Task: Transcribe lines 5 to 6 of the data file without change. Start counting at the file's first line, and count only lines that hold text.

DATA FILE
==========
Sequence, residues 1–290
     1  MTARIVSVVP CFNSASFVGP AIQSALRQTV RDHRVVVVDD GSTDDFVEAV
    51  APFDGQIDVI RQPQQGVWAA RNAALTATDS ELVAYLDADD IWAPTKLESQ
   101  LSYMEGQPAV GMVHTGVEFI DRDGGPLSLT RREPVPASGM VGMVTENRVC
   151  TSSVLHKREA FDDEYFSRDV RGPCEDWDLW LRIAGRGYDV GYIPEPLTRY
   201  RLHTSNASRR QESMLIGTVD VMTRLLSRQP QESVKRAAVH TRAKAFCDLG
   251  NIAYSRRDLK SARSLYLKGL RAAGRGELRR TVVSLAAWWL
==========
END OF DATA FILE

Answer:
   151  TSSVLHKREA FDDEYFSRDV RGPCEDWDLW LRIAGRGYDV GYIPEPLTRY
   201  RLHTSNASRR QESMLIGTVD VMTRLLSRQP QESVKRAAVH TRAKAFCDLG